Slow start to LORDA syrup production
LANSDOWNE – Jim Crawford holds out a cup filled with a clear liquid. It doesn’t look like much – in fact it just looks like water.
STELLARTON – Empire Co. Ltd. (TSX:EMP.A) says it’s closing about 50 underperforming Sobeys to improve its net earnings.
Nova Scotia-based Empire, which owns Sobeys, says about 60 per cent of the affected stores are in Western Canada.
Empire also says it’s increasing its shareholder dividend to 27 cents, up 3.8 per cent, the 19th consecutive year of increase.
Its fourth-quarter adjusted net earnings from continuing operations of $131.3 million, or $1.42 per diluted share, compared with $95.7 million, or $1.40 per diluted share, in the same quarter of last year.
Sales were $5.94 billion, up $1.68 billion year-over-year, excluding the impact of the recent Canada Safeway acquisition.
Empire will take a restructuring charge related to the store closures of $169.8 million. Excluding such items, Empire had net earnings of $1.5 million, or two cents per diluted share, compared with $102.5 million, or $1.51 per diluted share, in the same quarter last year.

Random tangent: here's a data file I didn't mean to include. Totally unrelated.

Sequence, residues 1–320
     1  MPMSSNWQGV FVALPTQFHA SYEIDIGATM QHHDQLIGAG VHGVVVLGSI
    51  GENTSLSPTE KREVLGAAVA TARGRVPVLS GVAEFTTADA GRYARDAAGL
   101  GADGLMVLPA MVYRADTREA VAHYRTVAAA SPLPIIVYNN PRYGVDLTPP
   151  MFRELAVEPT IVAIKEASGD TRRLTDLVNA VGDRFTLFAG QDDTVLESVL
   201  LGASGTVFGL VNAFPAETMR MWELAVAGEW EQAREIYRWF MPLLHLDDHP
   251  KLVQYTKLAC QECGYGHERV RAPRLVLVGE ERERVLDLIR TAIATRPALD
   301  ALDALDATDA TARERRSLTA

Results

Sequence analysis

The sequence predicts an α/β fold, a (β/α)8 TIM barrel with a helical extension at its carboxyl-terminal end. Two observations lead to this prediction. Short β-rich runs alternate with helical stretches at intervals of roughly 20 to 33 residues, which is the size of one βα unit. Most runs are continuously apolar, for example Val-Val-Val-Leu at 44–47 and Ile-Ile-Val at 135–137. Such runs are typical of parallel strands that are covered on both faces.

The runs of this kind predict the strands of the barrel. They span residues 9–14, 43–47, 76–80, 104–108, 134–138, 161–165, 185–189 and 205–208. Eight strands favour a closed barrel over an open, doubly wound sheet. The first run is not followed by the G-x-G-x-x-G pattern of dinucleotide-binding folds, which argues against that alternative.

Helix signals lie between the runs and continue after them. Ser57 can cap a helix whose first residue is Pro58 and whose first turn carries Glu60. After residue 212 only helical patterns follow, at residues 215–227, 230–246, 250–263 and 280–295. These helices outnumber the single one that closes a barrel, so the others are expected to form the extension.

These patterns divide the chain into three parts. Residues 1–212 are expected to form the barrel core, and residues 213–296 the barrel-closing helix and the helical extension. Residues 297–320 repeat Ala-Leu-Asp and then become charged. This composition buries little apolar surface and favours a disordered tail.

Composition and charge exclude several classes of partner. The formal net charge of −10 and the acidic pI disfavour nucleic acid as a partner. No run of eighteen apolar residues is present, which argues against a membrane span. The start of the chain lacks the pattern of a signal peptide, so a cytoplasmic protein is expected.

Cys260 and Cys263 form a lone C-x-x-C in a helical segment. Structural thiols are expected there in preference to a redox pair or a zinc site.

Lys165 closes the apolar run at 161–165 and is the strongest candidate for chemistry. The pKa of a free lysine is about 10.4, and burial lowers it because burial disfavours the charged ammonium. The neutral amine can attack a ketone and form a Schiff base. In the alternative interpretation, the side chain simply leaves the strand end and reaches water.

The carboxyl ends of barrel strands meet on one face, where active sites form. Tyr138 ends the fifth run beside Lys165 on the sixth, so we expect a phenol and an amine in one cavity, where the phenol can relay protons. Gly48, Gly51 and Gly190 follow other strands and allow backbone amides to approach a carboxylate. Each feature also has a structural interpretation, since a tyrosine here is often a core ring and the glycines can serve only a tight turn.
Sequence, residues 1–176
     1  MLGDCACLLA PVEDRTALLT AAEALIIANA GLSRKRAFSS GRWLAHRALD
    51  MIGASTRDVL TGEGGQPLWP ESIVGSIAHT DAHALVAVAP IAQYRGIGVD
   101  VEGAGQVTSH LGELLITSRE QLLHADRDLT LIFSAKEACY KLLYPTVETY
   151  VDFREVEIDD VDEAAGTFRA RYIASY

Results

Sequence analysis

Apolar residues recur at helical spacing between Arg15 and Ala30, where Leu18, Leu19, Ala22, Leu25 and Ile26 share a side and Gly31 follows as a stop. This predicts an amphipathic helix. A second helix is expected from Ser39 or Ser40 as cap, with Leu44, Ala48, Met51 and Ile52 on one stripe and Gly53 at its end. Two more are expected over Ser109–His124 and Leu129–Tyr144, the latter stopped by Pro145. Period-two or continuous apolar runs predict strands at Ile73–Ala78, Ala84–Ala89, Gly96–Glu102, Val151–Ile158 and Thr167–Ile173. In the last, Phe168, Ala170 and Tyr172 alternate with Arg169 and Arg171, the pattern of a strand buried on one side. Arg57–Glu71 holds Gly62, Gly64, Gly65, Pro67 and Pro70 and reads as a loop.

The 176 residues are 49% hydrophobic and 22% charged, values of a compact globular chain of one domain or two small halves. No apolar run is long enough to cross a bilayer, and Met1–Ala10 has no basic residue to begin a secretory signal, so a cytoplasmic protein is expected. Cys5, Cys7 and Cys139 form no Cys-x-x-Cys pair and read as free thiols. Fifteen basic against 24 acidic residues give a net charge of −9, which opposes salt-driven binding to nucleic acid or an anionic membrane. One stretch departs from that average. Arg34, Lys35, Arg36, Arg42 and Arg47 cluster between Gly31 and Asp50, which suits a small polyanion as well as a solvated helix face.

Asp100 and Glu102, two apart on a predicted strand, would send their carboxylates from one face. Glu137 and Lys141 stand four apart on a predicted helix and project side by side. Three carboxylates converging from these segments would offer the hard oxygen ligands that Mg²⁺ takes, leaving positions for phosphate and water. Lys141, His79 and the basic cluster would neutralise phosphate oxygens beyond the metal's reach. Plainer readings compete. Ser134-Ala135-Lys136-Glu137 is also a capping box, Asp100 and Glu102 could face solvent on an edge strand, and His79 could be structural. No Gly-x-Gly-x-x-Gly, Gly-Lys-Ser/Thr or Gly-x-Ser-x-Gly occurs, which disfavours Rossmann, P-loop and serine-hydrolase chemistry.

Sobeys closing Amherst Foodland
AMHERST – Dozens of underperforming grocery stores across Canada are being closed by parent-company Sobeys and here in Nova Scotia the only closure will be in Amherst.
Sobeys Atlantic Manager of Communications Shauna Selig confirmed Thursday the twenty-six employees at the downtown Amherst Foodland were notified of the decision Wednesday evening that the store will be closing permanently on July 5, at 6 p.m.
“We reviewed the whole network of stores on a market-by-market basis and determined the Amherst location was underperforming,” Seliq said.
The Amherst closure will be the only location impact in the province, but four Foodland storefronts and one Sobeys in New Brunswick will also be closed for underperforming, Selig said. Those locations include Perth Andover, Tracadie and St. Stephen.
Sobeys parent company, Empire, released a press release Thursday confirming 50 underperforming stores across Canada will be closed to improve its net earnings, and more than half of those will take place in Western Canada.
The decision to cut the stores comes after the $5.8-billion acquisition of rival Safeway Canada.